Saturday, January 21, 2012

Chasing the Unicorn: Park Slope Under $1.5M

Many readers looking for townhouses in Park Slope in the $1.5M range have lamented that their bids with $200K-$300K downpayment have been rejected in favor of lower offers with $500K down, or all-cash offers. As was the case when we were under-bid by a faux all-cash offer on 96 St. Marks Avenue.

Many of these are the same readers occasionally telling us what's overpriced by $200K or $300K, especially in Park Slope. It may be the case that "beauty is in the eye of the beholder", but pricing's in the eye of the seller who sells it & the buyer who buys it - not those who scoff at prices from the sidelines. Just because you don't like Park Slope prices, doesn't mean they aren't what they are. And the new pay-to-play price is $400-$500K downpayment.

But don't take our word for it. Let's let the numbers speak for themselves. Setting South Slope aside for now....

36 residential townhouses closed & had their sale recorded in Park Slope proper in the past 6 months.

Of those 36, only 10 closed for $1.5M or less.

Of those 10, only 2 were purchased with less than a $500K downpayment.

Of those 2, one was a gut renovation & the other one was a 1,600 sqft 2-Family in the less-desirable PS 282 district, not the coveted PS 321. But let's take a closer look at all of these sub-$1.5M sales:

105 St. Marks Place was a 2,700 sqft 3-Family, purchased by an LLC for $1.375M all-cash, and in PS 282, not PS 321.

345 5th Street was a 15' wide estate sale that needed lots of work that closed for $1.4M with about $500K downpayment.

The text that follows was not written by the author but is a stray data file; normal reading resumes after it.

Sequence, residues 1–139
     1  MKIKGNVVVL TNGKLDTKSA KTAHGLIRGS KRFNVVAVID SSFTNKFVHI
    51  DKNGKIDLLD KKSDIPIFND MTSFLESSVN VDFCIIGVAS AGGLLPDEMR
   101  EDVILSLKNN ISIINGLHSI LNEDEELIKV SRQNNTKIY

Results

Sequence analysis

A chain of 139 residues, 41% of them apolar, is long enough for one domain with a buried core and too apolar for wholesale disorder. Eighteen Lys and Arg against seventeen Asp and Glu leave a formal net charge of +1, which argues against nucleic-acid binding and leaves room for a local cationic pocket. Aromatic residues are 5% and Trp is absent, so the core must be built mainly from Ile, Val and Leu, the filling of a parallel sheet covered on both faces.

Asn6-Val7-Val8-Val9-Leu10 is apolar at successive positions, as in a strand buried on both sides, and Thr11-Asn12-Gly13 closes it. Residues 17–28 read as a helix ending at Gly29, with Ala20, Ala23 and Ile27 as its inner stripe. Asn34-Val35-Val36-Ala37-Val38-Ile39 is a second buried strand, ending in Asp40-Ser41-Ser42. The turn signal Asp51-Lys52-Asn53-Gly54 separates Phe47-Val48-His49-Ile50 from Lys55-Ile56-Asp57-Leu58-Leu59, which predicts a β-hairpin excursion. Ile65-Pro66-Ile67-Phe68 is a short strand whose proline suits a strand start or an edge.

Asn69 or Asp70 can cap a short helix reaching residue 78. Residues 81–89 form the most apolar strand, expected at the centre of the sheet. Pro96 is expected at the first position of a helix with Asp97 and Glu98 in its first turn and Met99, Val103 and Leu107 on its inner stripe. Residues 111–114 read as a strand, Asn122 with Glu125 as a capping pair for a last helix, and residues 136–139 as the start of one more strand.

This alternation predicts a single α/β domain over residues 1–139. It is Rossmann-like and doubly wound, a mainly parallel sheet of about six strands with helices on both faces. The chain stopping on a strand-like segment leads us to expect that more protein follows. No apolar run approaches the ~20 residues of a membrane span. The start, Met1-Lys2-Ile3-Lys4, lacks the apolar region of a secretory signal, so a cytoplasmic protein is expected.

411 4th Street was a "bring your architect" that closed for $1.455M with about $500K downpayment.

362 6th Street was a dated, 1,700 sqft, 2-Family estate sale that needed lots of work, sold for $1.3M all-cash.

290 8th Street was a turnkey, 2,500 sqft 2-Family, closed for $1.445M with over $500K downpayment.

405 Douglass Street was a gut renovation that had an accepted offer within the first few weeks it was listed - in PS 282, not PS 321 - sold for $1.16M and needed over $300K in work.

396 Douglass Street was a tiny, 1,600 sqft 2-Family that was serviceable, but could use some renovations to update it, closed for $1.1M with a $220K downpayment - also in PS 282, not PS 321.

131 St. Johns Place was an SRO purchased for $999K all-cash, which takes 6 months & $50K in paperwork to convert the C of O just for the privilege of doing a ~$1M renovation with cash.

385 3rd Street was an estate sale purchased for $800K all-cash, bound to be a gut reno as well.

And all the buys just above $1.5M during the past 6 months were some of the best buys of the year, and still involved at least $400K downpayment in all of them. This includes the likes of 596 Carroll Street, 706 Degraw Street, and 158 Garfield Place (all-cash).

So, don't get us wrong; $200K-$300K is still a heck of a lot of money in the big picture. It just happens to not even move the needle in Park Slope proper. We're talking about a neighborhood where Anne Hathaway looks at $2.6M houses on Garfield Place, people. (She makes $8M a movie, btw, you think you're gonna outbid her?) We're talking about a neighborhood where even the bird houses are baller:

Wake up & smell the high net worth!


  1. Is there even any hope for sub 1.5M in South Slope?

    1. Yeah. For a shell, or an SRO, or an estate sale, or an under-marketed property - or some combination of those. But who in their right mind would sell you something for less than it's worth? "It is what it is." And it's a market. Why not go get a way better house in a different neighborhood? Who died and made Park Slope the only place in Brooklyn worth living?